When Gareb and crew asked me to help them form BLACKBULL comics, we did a lot of things right and to this day , I am really happy loooking back on titles like Just a Pilgrim, Gatecrasher, Beautiful Killer, New West and others.

    It’s very easy to focus on the bad and be a downer, but I like to look at things more positive.

  9. having been there for a short time. most public corporations and their boards are not allowed to sell stock for a certain amount of time. i am believe it is simply a time that gareb wants to start cashing out. simple business.

  10. Torsten Adair says:

    The only problem… the stock last traded at $0.75 (not a bad price for a penny stock) on April 4, 2011.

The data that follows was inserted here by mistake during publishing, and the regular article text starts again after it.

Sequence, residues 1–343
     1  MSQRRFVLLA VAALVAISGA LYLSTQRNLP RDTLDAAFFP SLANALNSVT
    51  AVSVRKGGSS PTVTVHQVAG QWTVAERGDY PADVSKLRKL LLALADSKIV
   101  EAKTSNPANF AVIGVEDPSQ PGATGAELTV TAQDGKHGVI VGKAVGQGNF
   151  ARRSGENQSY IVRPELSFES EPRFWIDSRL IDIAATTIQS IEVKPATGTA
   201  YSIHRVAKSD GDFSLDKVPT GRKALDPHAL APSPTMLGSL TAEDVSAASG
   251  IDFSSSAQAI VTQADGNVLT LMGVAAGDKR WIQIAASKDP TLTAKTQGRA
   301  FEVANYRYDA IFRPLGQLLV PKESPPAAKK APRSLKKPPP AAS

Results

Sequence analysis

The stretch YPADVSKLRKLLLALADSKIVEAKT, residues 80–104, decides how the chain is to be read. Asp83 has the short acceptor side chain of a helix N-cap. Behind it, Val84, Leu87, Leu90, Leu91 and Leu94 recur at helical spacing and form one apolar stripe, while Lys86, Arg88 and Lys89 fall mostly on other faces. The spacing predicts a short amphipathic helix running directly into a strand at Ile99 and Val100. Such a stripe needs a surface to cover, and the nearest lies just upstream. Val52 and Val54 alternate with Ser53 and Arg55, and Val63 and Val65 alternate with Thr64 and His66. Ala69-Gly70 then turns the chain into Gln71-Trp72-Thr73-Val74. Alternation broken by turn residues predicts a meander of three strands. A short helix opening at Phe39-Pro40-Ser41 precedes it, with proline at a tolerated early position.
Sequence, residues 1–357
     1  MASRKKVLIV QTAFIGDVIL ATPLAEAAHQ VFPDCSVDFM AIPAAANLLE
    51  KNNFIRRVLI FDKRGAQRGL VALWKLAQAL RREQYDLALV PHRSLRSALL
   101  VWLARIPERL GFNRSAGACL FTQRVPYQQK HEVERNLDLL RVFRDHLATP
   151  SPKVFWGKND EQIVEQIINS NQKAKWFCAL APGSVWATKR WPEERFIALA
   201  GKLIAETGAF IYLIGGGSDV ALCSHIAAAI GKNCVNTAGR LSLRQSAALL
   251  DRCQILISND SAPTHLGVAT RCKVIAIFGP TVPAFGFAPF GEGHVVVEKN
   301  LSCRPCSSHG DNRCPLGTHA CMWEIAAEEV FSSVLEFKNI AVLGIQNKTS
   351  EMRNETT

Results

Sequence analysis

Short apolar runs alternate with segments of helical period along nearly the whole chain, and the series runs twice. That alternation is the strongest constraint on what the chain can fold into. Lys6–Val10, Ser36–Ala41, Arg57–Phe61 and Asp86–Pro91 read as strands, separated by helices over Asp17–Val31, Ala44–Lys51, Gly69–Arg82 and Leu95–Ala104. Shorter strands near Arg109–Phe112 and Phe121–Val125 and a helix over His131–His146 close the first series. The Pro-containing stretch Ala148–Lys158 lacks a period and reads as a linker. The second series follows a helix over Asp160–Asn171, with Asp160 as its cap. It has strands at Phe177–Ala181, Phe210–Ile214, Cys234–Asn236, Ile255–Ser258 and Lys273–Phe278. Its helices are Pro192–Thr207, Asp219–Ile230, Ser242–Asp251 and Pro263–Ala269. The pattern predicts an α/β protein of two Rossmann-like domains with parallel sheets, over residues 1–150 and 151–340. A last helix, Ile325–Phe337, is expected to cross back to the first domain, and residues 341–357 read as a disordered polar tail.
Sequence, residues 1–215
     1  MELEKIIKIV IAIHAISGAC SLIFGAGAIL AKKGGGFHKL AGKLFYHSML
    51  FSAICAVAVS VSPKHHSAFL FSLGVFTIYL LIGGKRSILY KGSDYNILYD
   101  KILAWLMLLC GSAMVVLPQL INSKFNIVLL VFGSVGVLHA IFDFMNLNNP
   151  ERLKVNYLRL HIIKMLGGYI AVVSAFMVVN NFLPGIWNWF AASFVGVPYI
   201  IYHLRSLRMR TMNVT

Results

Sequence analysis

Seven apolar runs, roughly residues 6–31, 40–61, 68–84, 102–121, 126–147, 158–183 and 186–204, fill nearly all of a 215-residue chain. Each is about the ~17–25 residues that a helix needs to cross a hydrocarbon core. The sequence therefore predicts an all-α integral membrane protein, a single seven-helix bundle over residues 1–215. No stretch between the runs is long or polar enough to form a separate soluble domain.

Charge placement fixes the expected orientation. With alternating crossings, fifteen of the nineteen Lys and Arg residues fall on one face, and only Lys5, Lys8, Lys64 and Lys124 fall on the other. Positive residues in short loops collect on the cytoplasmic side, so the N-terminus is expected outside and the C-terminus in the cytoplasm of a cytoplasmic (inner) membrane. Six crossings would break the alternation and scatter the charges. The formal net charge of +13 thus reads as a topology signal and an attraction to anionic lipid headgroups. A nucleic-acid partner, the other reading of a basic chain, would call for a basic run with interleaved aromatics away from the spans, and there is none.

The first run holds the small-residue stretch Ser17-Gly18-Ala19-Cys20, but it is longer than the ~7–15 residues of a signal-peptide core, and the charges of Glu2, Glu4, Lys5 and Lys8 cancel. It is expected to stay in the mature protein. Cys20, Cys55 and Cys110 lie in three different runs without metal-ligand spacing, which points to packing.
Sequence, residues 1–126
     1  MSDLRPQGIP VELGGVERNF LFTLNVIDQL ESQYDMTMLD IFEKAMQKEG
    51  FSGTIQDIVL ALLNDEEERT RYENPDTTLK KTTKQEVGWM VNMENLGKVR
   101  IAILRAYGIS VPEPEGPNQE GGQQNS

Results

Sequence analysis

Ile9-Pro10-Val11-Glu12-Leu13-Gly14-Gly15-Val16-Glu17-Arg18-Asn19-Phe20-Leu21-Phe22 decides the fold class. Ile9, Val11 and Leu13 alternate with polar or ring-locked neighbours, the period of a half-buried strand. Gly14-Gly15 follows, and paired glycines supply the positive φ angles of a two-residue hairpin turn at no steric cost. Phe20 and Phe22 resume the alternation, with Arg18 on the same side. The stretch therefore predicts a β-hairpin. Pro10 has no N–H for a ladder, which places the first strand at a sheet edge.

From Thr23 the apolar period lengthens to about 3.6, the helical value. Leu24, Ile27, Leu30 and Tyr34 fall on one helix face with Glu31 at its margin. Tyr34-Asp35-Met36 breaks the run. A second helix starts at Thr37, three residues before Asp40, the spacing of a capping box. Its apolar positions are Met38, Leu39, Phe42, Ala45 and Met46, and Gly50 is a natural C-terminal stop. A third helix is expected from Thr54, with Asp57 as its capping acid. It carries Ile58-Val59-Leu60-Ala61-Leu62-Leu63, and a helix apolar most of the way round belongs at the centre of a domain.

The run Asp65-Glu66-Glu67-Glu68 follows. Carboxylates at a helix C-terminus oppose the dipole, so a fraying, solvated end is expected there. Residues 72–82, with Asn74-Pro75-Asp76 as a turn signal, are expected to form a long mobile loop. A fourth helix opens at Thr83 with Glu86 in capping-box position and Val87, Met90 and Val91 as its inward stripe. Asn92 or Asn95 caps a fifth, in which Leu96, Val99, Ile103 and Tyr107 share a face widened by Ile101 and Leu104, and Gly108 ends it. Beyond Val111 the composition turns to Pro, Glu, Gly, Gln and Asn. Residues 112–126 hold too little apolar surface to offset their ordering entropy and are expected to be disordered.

While it is possible for Shamus to sell his stock, it is unlikely he will find a buyer. (If he has control of the bulk of Kick The Can’s shares.)

  11. Justin Payne says:

    Does this mean we’ll all finally get reimbursed for our subscriptions we paid for?

  12. skyhawk says:

    While Wizard (in the early days) had it’s good points. CBG will always be #1.

  13. Man, cut the guy a break. Gareb is a good guy. I remember meeting him way back thru a place in Bucks County called Interprint which was to print the first issues of Wizard. He helped a lot of pros and the company and magazine broke a lot of ground developing new exposure routes as comics have grown into a steady mass market industry. This is propably just a business move. Why is everybody so bloody negative anymore?